Intravenous (IV) Ketamine Infusion Therapy
Ketamine infusion is often used to treat depression, but its benefits extend far beyond that. If you suffer from chronic pain that does not respond to conservative treatments, intravenous (IV) ketamine infusion therapy may make a difference.
Speak with a skilled doctor as soon as possible about your pain situation and whether you are a candidate for intravenous (IV) ketamine infusion therapy.
Ketamine is a drug originally developed for anesthesia maintenance and received FDA approval half a century ago. It also has powerful pain-relieving properties. When given intravenously, the medication blocks pain receptors in the spinal cord and brain.
Complex Regional Pain Syndrome
Intravenous (IV) ketamine infusion therapy is often used to treat Complex Regional Pain Syndrome (CRPS). This condition generally affects the limbs after an injury. CRPS results from damage to the central nervous system. Symptoms include:
- Burning pain
- Sensitivity to touch
- Changes in body temperature
- Difficulty moving the affected extremity
- Intermittent skin color and texture changes
- Joint stiffness
- Hair and nail growth changes
- Odd sweating pattern in the affected area
- Swelling of the affected area
A sprain, broken bone, or soft tissue injury may start the CRPS process, but the patient’s suffering is usually far more severe than normal for such injuries. Long after the original trauma has healed, the pain survives, often growing in intensity.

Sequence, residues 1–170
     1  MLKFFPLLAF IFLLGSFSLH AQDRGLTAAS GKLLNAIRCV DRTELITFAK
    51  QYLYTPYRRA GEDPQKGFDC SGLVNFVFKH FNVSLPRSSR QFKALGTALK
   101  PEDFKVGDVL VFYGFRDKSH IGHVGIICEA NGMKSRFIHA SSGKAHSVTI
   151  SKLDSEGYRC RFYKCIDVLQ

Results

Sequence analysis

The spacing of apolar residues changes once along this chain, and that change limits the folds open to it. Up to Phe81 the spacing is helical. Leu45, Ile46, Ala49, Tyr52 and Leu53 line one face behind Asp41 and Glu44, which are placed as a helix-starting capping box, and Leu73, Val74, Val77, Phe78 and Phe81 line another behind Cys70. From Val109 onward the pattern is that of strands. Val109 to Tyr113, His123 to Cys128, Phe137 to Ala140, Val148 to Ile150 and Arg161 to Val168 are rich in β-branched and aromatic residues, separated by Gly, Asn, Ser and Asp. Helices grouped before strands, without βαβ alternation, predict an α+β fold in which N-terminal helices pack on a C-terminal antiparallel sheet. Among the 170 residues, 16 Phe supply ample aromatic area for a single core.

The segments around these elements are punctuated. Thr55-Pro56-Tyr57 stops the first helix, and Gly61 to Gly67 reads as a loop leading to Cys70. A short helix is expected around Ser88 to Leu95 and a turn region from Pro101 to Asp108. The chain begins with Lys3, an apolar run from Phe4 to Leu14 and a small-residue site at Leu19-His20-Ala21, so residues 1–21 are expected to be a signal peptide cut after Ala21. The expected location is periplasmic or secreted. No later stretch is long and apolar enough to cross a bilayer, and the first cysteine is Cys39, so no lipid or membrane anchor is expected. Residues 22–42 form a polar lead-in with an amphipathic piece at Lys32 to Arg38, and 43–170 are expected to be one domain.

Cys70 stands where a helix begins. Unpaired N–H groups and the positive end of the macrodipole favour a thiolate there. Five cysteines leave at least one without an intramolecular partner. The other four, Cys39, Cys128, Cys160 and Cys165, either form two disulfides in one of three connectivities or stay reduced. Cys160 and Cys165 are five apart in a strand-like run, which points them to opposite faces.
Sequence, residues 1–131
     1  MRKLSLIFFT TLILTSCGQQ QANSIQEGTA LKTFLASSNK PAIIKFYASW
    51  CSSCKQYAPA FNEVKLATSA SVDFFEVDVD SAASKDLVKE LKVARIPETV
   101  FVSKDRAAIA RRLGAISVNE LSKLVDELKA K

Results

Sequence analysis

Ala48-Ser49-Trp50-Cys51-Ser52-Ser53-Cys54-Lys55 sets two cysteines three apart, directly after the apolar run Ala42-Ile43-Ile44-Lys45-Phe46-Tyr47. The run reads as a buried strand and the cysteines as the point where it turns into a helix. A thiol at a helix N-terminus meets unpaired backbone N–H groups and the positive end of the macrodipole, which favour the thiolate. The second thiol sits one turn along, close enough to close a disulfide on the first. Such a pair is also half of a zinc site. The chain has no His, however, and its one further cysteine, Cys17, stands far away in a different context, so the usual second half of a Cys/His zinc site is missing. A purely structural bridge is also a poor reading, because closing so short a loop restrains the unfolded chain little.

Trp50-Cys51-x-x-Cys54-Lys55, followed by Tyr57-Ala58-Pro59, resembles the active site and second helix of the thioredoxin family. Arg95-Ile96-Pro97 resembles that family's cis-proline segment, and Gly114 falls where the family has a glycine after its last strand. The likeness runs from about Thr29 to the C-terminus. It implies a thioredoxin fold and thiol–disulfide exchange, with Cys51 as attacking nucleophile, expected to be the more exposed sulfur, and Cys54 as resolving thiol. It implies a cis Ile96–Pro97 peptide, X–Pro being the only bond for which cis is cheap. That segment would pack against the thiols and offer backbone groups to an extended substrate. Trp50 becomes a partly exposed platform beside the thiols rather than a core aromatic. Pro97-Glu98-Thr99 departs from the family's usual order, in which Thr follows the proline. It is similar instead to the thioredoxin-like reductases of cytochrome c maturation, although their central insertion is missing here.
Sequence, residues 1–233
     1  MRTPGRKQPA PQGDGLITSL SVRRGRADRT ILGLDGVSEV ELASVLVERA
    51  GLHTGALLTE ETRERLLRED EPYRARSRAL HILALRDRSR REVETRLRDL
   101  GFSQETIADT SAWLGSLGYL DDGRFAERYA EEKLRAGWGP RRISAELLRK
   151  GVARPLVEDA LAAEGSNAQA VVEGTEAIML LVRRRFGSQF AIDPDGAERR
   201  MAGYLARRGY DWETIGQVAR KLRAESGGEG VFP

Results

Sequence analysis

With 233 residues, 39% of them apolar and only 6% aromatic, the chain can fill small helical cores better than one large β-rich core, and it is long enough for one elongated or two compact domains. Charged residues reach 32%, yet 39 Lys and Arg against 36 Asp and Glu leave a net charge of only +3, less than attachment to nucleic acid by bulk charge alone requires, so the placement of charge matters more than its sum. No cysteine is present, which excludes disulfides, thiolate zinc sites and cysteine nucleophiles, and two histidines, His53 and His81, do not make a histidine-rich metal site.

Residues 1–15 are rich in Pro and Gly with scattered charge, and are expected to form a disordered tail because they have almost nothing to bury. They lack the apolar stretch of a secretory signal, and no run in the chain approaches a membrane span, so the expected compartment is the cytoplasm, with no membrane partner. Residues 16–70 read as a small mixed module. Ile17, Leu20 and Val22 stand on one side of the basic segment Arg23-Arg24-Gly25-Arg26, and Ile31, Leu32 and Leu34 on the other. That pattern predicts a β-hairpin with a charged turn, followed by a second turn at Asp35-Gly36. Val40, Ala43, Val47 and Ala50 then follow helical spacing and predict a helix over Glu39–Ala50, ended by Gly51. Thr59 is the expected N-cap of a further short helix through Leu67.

Other Pain Syndromes
In addition to CRPS, intravenous (IV) ketamine infusion therapy is used to treat various pain syndromes, including:
- Reflex sympathetic dystrophy
- Pelvic pain
It also relieves pain in cancer patients.
The intravenous (IV) ketamine infusion therapy process is simple. As the name indicates, patients receive an infusion of the drug into their body, with the needle going into the arm or leg.
Patients must fast for at least eight hours before the procedure. Depending on the reason for treatment, the infusion may last several hours. The majority of patients require several infusion sessions, but will find relief immediately after the initial treatment.
These sessions may take place on consecutive days, with the protocol repeated the following week. A small minority of patients will not respond to intravenous (IV) ketamine infusion therapy.
After the infusion, patients must stay on the premises for a few hours, with nurses monitoring vital signs. Some disorientation is normal after ketamine infusion, so it is not safe for a patient to drive home alone. Transportation should be arranged ahead of time. Most patients can resume normal activities the day following the infusion.
Intravenous (IV) ketamine infusion therapy can have some serious side effects. These include:
- Memory issues
- Nausea or vomiting
- Panic attacks
- Rising blood pressure
Most of these side effects are short-lived. Fortunately, side effects are usually manageable via dosage adjustment. The FDA insert for ketamine states: “Ketamine has a wide margin of safety; several instances of unintentional administration of overdoses of ketamine (up to ten times that usually required) have been followed by prolonged but complete recovery.”
Contact a Doctor
If you suffer from chronic pain and would like to know more about intravenous (IV) ketamine infusion therapy, call an experienced doctor today for an examination.